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Summary Chapter 48

The Dedlocks are in their town house away from Chesney Wold. Presently, Lady Dedlock tells her personal handmaid Rosa of her plans to release Rosa from her duties and to put her in custody of Mr. Rouncewell, the father of the young man with whom Rosa is in love. Rosa objects to no avail. Subsequently, Lady Dedlock goes to consult with Sir Leicester Dedlock who is busy discussing business with Mr. Tulkinghorn. Nonetheless, when Lady Dedlock appears, Mr. Tulkinghorn moves away, and Sir Leicester accommodates Lady Dedlock.

Lady Dedlock tells Sir Leicester of her plan to release Rosa from her duties and to place her in the custody of Mr. Rouncewell. At first, Sir Leicester objects, but when Lady Dedlock argues that Rosa is too young and naive to appreciate the great privilege that she has been granted (of serving Lady Dedlock in Sir Leicester's household), Sir Leicester agrees that Lady Dedlock's course of action is the right thing to do. Presently, Mr. Rouncewell, the father of the young Mr. Rouncewell who is in love with Rosa, is brought by Mercury, the butler. Lady Dedlock questions Mr. Rouncewell whether he has yet persuaded his son to give up Rosa as he said he would in their previous meeting. When Mr. Rouncewell replies that he hasn't yet gotten around to it, Lady Dedlock, arguing that she is tired of the whole affair, urges Mr. Rouncewell to take Rosa into his custody. To that end Rosa, who is weeping, is presently brought before them. Apologizing for his tardiness, Mr. Rouncewell agrees to do as Lady Dedlock prescribes and to put Rosa in his care.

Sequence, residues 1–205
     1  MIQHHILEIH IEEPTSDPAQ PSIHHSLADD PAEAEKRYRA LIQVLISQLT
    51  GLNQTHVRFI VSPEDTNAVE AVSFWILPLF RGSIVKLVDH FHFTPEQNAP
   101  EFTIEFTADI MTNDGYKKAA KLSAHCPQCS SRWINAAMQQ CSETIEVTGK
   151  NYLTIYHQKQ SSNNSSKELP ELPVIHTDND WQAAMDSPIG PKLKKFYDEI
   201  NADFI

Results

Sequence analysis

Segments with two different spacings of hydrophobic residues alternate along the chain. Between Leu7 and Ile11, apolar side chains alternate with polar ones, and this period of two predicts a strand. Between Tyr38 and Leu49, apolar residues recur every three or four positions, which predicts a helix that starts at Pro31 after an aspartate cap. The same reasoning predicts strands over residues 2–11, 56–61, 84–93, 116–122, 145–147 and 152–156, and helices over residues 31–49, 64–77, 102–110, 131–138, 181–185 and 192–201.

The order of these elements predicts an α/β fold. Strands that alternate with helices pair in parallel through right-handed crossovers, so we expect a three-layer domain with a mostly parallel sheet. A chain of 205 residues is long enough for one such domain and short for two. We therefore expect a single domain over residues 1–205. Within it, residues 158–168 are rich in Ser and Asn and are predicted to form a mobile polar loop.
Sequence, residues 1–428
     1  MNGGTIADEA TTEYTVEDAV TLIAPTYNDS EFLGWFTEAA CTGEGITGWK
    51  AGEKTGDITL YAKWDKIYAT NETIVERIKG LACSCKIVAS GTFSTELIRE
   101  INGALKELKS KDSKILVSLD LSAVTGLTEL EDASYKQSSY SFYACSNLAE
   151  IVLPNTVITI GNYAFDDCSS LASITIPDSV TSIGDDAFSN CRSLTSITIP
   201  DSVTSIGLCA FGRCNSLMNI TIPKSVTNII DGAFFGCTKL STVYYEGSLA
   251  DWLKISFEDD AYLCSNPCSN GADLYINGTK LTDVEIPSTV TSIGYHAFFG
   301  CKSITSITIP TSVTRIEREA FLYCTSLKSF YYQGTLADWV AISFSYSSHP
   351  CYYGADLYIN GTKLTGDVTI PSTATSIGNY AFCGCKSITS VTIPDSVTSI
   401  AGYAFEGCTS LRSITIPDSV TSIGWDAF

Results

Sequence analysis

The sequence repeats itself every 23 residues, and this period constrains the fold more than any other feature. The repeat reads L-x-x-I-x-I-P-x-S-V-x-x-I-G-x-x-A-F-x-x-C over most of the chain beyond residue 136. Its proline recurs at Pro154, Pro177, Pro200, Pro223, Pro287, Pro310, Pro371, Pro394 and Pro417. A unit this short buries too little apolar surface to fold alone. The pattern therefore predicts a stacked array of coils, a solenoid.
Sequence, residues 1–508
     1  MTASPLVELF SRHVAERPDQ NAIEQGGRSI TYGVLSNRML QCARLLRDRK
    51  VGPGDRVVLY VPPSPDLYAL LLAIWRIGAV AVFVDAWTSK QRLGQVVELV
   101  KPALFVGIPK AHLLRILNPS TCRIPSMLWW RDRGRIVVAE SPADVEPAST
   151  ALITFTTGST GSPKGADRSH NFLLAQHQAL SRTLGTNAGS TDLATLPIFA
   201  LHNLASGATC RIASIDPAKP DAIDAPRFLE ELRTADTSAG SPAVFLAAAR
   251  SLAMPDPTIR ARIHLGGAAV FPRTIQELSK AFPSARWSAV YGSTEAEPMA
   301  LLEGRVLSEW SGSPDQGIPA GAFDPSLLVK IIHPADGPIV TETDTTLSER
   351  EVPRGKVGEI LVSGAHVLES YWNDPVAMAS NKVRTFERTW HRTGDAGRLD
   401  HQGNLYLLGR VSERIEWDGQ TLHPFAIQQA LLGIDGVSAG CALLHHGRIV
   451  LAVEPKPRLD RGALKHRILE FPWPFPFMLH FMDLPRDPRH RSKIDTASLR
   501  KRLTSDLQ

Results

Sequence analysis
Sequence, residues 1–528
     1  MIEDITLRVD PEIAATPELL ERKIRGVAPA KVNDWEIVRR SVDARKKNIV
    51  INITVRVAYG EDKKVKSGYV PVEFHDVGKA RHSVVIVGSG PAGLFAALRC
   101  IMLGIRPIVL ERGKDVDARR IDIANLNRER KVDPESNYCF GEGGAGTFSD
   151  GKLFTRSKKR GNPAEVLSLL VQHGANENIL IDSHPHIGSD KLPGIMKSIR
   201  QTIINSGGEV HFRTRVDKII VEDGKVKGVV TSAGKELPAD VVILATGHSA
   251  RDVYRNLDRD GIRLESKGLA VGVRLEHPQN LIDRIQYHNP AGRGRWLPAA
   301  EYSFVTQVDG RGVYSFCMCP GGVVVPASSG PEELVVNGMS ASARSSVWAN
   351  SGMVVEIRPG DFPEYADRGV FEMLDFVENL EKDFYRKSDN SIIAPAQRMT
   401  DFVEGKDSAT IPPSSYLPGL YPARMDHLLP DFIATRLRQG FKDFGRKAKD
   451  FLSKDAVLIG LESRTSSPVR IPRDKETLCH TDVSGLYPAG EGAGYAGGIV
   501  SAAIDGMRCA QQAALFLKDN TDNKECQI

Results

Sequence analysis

Lady Dedlock is having dinner alone when Mercury informs her that Mr. Tulkinghorn wishes to speak to her when she is done with her dinner. Lady Dedlock informs Mercury that she'll see him now. Presently, Mr. Tulkinghorn appears before Lady Dedlock to object to her course of action. He reminds her that they had come to a verbal agreement about how Lady Dedlock was to act as she had always done with no deviation from her previous mode of behaviour. He argues that her having dismissed Rosa goes against their agreement, and that she has now jeapordized Sir Leicester's reputation. Lady Dedlock argues that her action was done for Rosa's sake and to protect Rosa's reputation her--Lady Dedlock's--action was not only necessary but the right thing to have done under the circumstances. Lady Dedlock asks Mr. Tulkinghorn when he will disclose Lady Dedlock's true identity to Sir Leicester. Though he refuses to say exactly when, Mr. Tulkinghorn assures Lady Dedlock that the disclosure will be sooner rather than later.

Mr. Tulkinghorn returns home to his apartment. Meanwhile, Lady Dedlock informs Mercury that she will be taking some fresh air in the garden and that she might be a while (as upwards of an hour) on account of her headache. It is a very quiet night with the moon shining. Suddenly, the peace is disturbed by a loud report. People wonder what it was, but their curiousity subsides, i.e. until the next day when the dead body of Mr. Tulkinghorn is discovered in his apartment. He is dead, shot through the heart.

Charles Dickens